Mary Bousted, joint general secretary of the NEU, said: “Over a third of 11-year-olds will arrive in secondary schools in September labelled as ‘below the expected standard’. This devastating outcome is the result of policy-makers’ delusion that to measure the performance of our school system it is necessary to test each individual pupil, and to prepare pupils relentlessly to be tested.

“The stress this causes for children and their schools is building up.”

Julie McCulloch, director of policy at the Association of School and College Leaders (ASCL), said they were “concerned” about the reports of children crying and having nightmares about Sats.

“Schools do their best to protect their pupils from stress and anxiety, but action is clearly needed to reduce the pressure of the current system,” she said. ”The problem is not the tests themselves but the fact that they are used as the main way of judging primary schools and the stakes are extremely high.

“In reality, four days of tests out of seven years of schooling can never provide anything more than a snapshot.”

She added: “ASCL is urging the Department for Education and Ofsted to attach less weight to a single set of results and to treat these tests as just one element of the story of a school.”

Campaign group More Than A Score – made up of teachers, parents, heads, educational experts and unions – said many children believed their score would have a direct impact in their life.

Research by YouGov found that 44 per cent of pupils aged six to 15 were worried about taking Sats, with 23 per cent believing their results would help them to find a job in the future.

Madeleine Holt, of More Than A Score, said: “We should not have a system in which 10 and 11-year-olds believe that tests they sit in Year 6 will determine their future job prospects and we should not have a system in which many primary school pupils are worried and anxious about sitting tests. It is no wonder we hear stories of children suffering as a result of this pressure with many parents reporting their children showing signs of both physical and mental stress in the months before the Sats take place.”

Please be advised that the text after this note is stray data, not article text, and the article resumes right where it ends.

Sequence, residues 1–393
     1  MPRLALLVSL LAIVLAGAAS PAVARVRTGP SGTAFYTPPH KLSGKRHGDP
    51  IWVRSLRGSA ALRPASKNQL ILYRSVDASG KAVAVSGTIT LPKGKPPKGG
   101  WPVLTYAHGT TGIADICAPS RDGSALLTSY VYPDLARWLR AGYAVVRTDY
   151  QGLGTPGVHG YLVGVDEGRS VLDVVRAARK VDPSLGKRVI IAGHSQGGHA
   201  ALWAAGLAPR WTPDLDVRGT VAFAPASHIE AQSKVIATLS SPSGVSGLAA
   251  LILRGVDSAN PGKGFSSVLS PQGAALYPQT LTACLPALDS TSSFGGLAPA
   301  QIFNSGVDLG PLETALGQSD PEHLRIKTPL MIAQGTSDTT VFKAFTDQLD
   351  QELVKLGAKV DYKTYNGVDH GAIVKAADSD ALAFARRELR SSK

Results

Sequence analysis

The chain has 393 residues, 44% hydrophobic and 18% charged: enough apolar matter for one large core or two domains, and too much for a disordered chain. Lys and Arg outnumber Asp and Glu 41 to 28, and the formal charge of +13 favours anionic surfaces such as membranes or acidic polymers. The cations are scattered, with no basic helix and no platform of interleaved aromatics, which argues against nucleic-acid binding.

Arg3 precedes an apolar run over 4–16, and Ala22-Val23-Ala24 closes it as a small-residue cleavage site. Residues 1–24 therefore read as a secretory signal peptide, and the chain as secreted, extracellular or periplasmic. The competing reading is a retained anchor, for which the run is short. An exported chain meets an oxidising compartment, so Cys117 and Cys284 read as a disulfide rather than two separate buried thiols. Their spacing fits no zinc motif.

She added: “According to the Department for Education, Sats are intended mainly to measure the performance of schools, not individual pupils. It’s not turning out that way. Unfortunately, it is a sign of the pressure now put upon pupils, teachers and parents that children view their scores as a measure of their own individual ability and future success.”

In writing, 78 per cent reached the expected level, up from 76 per cent. In grammar, punctuation and spelling, it was 78 per cent, up from 77 per cent. In maths, 76 per cent of pupils reached the expected standard – up one percentage point from 2017.

Mr Gibb added: “Schools are teaching more effectively the new, more demanding curriculum. This does mean pupils are far better prepared for secondary education than they were before.”